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For $f(x)=|x|^2$, you get $\varepsilon\sim\tfrac C {k^{2/n}}$, where $k$ is the number of pieces fro for your PL-function. In particular, you will not get linear bound for $n\ge 3$.

I think for any convex 1-Lipschitz function you should get $\varepsilon=O(k^{-2/n})$.

An easy construction gives $\varepsilon=O(k^{-1/n})$, simply take the maximum of supporting linear functions with gradients $\{v_1,v_2,\dots,v_k\}$ which form a $C k^{-1/n}$ dense set in the unit ball.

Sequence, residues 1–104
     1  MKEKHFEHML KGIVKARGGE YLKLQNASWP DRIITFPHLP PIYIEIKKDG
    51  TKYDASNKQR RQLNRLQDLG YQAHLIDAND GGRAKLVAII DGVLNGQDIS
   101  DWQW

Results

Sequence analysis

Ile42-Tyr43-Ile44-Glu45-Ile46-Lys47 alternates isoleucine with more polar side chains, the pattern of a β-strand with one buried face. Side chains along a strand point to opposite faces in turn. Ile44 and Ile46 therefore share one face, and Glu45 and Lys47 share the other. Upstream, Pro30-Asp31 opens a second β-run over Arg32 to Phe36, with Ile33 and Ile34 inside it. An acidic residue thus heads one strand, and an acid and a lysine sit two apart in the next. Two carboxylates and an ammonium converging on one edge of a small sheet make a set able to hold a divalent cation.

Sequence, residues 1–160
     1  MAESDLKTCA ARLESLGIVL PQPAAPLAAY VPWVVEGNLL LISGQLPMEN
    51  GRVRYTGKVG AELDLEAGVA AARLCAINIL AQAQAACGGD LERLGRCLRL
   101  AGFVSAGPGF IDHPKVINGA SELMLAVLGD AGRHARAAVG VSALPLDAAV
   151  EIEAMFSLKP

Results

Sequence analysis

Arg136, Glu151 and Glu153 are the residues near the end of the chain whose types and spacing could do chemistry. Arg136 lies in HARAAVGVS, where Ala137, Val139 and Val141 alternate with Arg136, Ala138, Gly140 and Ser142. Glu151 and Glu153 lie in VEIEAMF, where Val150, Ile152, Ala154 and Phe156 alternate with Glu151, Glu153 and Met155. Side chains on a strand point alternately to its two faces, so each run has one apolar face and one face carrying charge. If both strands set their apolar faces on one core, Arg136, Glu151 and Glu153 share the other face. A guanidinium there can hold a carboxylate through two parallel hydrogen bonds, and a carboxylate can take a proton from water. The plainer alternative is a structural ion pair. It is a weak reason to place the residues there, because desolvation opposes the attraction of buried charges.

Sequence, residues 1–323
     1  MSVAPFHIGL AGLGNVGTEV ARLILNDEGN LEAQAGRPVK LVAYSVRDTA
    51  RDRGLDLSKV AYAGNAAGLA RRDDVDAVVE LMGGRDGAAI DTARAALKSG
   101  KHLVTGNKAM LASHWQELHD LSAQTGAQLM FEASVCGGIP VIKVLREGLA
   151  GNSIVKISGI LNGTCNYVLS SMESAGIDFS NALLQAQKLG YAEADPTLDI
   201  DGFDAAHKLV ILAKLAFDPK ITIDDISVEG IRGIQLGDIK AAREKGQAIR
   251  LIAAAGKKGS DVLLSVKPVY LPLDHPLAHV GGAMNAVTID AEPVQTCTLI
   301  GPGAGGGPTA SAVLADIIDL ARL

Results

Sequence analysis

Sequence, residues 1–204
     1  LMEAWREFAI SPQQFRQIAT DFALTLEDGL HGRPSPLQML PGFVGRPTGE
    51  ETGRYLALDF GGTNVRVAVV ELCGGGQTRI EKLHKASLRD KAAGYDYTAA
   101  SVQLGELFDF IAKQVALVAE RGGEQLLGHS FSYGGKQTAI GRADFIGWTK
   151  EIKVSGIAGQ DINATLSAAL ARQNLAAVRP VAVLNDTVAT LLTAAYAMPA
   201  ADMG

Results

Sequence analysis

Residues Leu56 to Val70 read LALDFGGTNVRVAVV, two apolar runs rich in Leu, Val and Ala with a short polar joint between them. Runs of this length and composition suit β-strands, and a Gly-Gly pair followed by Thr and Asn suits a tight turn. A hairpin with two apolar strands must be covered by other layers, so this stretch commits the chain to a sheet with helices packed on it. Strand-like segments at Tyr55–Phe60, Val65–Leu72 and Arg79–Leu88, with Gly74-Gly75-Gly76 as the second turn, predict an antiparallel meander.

(Note that the worse case for this approximation is a linear function with gradient sufficiently far from $v_i$.)

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For $f(x)=|x|^2$, you get $\varepsilon\sim\tfrac C {k^{2/n}}$, where $k$ is the number of pieces fro your PL-function. In particular, you will not get linear bound for $n\ge 3$.

I think for any convex 1-Lipschitz function you should get $\varepsilon=O(k^{-2/n})$.

An easy construction gives $\varepsilon=O(k^{-1/n})$, simply take the maximum of supporting linear functions with gradients $\{v_1,v_2,\dots,v_k\}$ which form a $C k^{-1/n}$ dense set in the unit ball.